How do we deal with such contextualization in the development of sound theology? After we deal with seeming incongruences that can be rectified by differences in such things as genre, we turn next to the canonization of Scripture. While the contextualization of Scripture pushes us to find meaning in biblical passages based on the original historical circumstances, historical modes of communication, and original intent of the human authors, its canonization invites us to see the divine communicator who exists outside of time and directs all of creation according to his sovereignty and will. Vanhoozer states that it is at the canonical level that divine intent, beyond the original intent of the human author, emerges. It is at the canonical level that the Word made flesh clarifies the will of the Father in Scripture (e.g., Matt 22:34–40). It is here that we see Christ as the fulfillment of Old Testament prediction and prophesy (e.g., Luke 24:44). Here the particularity or universality of a given command or circumstance can be illuminated—as it is pushed into dialogue with other biblical passages.
Through Scripture in conversation with Scripture, we wrestle with theological tension, witness the unchanging God condescend upon changing time, and become people not just of knowledge, but of wisdom—opening ourselves up to be accosted by theology that does not fit our preconceived biases. If Scripture is the key means by which we not only know the acts of God but also are transformed by an encounter with his life and redemptive work, then it cannot stand merely as a repository of proof texts that we mine to support whatever argument we bring to the text. It must be the means by which we are changed, not merely in knowledge, but also in mind and virtue. I do believe this occurs at the contextual level (i.e., exegesis of individual texts); however, I think it transpires primarily at the canonical level, where we cannot cling merely to those passages most comfortable to our individual intellectual and moral sensibilities.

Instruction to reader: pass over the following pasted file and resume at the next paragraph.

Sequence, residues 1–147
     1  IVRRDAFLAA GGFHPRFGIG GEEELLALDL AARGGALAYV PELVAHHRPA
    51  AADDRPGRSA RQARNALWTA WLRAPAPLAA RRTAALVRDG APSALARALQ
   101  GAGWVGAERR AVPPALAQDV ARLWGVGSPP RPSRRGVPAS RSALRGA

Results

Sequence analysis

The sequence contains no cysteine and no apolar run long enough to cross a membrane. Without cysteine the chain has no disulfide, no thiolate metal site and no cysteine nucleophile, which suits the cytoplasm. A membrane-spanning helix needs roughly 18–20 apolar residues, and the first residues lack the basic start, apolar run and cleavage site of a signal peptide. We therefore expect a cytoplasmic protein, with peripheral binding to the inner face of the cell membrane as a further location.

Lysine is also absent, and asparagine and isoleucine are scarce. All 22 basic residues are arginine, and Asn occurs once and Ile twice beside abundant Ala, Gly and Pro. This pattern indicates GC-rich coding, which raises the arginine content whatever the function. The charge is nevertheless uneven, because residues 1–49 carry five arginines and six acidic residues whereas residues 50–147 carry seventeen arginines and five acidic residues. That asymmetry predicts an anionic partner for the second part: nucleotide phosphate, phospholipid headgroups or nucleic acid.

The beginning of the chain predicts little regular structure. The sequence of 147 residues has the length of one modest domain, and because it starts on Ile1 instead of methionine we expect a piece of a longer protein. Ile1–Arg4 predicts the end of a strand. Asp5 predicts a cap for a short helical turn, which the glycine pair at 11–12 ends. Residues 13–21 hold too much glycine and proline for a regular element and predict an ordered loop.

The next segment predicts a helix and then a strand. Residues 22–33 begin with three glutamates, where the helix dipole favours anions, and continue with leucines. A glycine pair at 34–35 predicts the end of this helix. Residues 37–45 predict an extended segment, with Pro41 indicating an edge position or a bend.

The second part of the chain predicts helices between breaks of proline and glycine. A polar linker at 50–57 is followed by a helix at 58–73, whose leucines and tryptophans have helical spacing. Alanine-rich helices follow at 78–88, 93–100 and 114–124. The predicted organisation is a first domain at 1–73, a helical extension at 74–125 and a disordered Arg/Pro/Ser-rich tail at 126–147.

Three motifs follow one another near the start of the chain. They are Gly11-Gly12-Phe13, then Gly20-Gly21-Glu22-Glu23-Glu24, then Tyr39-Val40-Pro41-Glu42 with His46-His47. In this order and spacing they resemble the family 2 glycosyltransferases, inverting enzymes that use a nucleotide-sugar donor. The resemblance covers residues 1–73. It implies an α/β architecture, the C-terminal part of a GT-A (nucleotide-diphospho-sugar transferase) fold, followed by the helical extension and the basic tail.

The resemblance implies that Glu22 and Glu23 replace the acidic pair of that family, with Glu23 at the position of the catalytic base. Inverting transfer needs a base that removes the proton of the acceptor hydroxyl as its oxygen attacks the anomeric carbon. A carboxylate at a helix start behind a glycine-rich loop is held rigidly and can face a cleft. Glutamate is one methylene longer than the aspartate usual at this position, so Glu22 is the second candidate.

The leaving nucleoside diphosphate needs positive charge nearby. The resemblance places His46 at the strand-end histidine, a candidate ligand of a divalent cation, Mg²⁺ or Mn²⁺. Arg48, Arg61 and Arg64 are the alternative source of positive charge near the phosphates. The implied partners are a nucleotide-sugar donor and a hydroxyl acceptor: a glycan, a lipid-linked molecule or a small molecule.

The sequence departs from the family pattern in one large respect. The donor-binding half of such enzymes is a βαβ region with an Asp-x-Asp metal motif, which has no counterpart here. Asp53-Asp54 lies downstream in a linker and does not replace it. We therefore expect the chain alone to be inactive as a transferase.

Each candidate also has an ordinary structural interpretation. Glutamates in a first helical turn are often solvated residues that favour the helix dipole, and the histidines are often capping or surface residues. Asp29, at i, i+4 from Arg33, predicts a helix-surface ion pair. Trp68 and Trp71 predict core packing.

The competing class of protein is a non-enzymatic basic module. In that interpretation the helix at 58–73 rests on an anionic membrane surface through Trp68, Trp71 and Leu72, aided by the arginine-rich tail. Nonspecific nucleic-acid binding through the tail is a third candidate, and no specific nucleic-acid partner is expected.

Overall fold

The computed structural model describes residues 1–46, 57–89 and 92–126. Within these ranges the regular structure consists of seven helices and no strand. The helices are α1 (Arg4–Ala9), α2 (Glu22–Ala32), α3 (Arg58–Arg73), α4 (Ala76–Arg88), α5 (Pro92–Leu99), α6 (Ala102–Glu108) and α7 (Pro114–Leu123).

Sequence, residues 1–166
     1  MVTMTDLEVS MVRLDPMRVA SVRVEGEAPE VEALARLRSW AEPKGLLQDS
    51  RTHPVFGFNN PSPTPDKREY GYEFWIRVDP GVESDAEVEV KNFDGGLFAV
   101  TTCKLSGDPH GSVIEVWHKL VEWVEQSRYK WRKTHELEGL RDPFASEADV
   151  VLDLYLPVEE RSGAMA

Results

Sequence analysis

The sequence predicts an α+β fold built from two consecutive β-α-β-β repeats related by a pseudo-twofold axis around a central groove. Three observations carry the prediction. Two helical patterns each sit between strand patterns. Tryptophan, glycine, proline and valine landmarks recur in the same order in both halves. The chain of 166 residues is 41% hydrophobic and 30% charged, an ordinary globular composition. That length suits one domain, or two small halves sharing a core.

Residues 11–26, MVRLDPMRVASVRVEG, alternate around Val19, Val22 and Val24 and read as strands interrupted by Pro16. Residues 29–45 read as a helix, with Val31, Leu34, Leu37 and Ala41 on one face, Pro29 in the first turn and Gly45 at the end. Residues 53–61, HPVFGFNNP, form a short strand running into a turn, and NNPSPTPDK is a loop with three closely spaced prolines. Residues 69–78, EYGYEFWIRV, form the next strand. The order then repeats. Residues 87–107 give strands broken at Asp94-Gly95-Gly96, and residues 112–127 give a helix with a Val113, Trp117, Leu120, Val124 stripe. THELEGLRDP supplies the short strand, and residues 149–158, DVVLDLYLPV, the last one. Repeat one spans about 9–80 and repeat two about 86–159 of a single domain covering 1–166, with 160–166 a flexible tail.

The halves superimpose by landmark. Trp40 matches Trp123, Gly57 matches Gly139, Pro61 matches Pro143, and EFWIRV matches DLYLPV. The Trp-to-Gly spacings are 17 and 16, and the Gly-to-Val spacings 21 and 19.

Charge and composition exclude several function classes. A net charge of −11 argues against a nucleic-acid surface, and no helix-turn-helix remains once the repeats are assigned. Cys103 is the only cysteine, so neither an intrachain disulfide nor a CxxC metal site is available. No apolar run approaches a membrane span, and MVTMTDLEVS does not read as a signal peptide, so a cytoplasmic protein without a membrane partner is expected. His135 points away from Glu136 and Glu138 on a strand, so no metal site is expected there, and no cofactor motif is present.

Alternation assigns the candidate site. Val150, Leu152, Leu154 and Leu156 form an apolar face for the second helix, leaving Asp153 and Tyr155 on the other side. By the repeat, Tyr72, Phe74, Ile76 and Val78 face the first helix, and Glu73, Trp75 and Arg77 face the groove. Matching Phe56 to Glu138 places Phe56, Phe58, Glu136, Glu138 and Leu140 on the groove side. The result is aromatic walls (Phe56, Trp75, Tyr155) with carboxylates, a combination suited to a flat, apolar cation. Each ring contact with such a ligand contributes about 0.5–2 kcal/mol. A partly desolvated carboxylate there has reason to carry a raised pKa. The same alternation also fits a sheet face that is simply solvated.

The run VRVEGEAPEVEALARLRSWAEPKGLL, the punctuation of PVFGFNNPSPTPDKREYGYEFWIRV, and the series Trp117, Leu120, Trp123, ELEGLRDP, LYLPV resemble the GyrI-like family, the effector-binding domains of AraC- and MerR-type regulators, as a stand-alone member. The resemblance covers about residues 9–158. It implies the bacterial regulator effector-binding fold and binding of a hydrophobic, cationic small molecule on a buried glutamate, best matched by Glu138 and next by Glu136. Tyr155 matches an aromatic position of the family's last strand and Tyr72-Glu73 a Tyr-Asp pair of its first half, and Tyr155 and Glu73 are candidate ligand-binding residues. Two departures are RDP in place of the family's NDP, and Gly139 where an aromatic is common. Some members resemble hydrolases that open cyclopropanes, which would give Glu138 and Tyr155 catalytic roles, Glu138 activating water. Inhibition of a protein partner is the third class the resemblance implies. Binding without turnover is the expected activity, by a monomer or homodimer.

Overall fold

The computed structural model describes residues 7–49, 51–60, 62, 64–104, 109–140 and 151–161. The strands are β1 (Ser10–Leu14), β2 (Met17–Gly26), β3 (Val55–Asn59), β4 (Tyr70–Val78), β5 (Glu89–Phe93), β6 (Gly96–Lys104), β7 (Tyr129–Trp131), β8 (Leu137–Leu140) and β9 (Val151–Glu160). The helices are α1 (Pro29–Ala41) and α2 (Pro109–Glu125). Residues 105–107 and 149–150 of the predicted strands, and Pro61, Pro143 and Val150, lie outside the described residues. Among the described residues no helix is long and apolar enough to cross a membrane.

I do not think this means merely funneling Scripture through the lens of systematic theology. While I eagerly affirm the goodness of this kind of work, before rushing to systematized categories that themselves stem from human reason, we must sit with Scripture in such a way that it can correct reason itself. C. H. Spurgeon illustrates this best as he preaches on Romans 10:20–21:
Two truths cannot be contradictory to each other. If, then, I find taught in one place that everything is fore-ordained, that is true; and if I find in another place that man is responsible for all his actions, that is true; and it is my folly that leads me to imagine that two truths can ever contradict each other. These two truths, I do not believe, can ever be welded into one upon any human anvil, but one they shall be in eternity: they are two lines that are so nearly parallel, that the mind that shall pursue them farthest, will never discover that they converge; but they do converge, and they will meet somewhere in eternity, close to the throne of God, whence all truth doth spring.